Tax returns reveal true extent of Spain’s north-south divide

New figures released by Spain's tax office reveal Spain's richest towns are located around the country's two biggest cities: Madrid and Barcelona, while the poorest are located in the south of the country in the regions of Andalusia and Extremadura.

Tax returns reveal true extent of Spain's north-south divide
Pozuelo de Alarcón is the richest town in Spain. Photo: F de Halley/Wikimedia

The richest town in Spain per square metre is Pozuelo de Alarcón, a wealthy suburb of Madrid and home to 85,000 people. The town’s average income is by far the highest among the different municipalities in the Madrid region, at €59,279. 

In contrast, the poorest town in Spain, according to the data from tax returns filed for 2015, is Zafarraya, in the province of Granada, where the average income is €10,293.

The list of the 25 richest towns in Spain is dominated by the country’s political, business and tourism hubs: Madrid and Barcelona. Only two towns from other areas of Spain make the top 25: Rocafort, in the province of Valencia and Simancas, in Valladolid.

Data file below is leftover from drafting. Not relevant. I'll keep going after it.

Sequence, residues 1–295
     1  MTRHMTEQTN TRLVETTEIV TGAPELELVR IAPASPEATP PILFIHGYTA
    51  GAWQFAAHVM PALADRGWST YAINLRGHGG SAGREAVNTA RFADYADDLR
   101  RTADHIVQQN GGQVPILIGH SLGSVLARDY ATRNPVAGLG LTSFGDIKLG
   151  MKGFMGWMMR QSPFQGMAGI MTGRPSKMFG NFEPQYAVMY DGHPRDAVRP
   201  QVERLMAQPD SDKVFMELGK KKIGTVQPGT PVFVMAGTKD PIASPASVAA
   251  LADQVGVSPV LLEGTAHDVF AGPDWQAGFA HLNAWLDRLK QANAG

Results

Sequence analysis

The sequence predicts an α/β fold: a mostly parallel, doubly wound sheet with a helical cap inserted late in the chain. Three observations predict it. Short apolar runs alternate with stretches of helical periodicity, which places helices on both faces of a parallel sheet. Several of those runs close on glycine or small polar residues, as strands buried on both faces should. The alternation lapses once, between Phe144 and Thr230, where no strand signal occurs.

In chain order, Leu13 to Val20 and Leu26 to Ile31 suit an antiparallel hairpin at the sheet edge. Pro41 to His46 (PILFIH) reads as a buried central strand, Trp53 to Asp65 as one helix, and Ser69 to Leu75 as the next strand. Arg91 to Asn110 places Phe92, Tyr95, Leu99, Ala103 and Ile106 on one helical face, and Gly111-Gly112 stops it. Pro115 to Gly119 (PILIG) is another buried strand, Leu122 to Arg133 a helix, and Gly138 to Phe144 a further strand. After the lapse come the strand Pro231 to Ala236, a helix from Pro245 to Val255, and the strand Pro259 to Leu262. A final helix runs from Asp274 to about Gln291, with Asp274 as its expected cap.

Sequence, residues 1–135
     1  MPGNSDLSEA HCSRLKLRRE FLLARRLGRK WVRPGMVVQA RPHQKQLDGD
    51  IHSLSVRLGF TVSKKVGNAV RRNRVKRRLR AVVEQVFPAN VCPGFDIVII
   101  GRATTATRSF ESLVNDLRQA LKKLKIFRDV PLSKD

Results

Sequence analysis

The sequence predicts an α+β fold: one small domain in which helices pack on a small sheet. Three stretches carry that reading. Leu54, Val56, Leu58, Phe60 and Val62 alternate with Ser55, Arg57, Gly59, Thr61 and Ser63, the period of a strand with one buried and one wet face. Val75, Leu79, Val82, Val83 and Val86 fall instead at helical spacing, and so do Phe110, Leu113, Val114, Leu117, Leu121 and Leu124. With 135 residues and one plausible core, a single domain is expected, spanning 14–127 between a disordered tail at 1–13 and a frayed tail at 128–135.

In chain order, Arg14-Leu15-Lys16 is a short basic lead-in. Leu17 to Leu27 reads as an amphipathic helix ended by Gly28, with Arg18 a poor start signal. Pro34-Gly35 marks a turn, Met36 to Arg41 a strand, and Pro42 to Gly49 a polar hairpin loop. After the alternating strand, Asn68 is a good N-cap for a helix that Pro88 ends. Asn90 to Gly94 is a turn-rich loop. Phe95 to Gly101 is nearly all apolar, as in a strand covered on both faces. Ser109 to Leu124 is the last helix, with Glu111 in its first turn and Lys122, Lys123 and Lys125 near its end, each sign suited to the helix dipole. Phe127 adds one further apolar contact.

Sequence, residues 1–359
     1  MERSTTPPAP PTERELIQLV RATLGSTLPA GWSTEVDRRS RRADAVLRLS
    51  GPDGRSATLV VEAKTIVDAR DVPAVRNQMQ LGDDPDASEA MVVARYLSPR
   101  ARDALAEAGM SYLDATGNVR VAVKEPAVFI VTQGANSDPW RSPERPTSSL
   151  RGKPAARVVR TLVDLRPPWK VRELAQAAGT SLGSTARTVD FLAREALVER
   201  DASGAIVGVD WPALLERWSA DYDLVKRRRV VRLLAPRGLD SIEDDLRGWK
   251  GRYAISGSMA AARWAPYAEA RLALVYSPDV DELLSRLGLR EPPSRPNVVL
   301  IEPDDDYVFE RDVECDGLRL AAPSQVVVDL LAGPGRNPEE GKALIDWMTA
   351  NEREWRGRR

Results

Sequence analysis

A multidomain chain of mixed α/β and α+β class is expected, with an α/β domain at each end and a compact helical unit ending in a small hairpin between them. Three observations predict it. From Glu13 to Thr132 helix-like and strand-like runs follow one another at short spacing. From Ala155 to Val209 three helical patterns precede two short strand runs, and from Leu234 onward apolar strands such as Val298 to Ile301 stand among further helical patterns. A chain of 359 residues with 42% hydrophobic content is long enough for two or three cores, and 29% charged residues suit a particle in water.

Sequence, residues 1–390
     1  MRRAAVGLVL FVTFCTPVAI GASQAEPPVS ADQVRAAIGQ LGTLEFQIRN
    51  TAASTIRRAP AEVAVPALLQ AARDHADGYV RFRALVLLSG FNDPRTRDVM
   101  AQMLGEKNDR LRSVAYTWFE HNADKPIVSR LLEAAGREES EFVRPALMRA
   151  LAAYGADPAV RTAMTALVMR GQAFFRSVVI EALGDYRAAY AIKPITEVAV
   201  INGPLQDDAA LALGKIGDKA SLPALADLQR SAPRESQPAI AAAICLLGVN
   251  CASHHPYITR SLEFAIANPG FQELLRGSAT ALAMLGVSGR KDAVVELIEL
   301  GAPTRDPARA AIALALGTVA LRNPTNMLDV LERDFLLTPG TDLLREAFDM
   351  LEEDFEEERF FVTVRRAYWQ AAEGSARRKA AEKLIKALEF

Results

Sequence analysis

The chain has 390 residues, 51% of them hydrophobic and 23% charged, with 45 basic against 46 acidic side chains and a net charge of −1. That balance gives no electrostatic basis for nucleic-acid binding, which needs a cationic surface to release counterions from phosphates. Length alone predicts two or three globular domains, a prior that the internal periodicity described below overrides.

The average income of towns with more than 1,000 inhabitants (source Cinco Días

When broken down by region, or autonomous community, Madrid is the richest, with an average income of €31,766 followed by Catalonia with €27,540.

Extremadura is the poorest region, with an average income of €19,034.

The tax office released figures on the average income of more than 8,000 towns with more than 1,000 inhabitants.

The figures show Spain’s north-south divide is as strong as ever, proof of the old cliché of Spain’s rich industrial north versus its rural south.

A study released in September 2015 showed that people living in the south of Spain are more at risk of poverty than those living in the north. 

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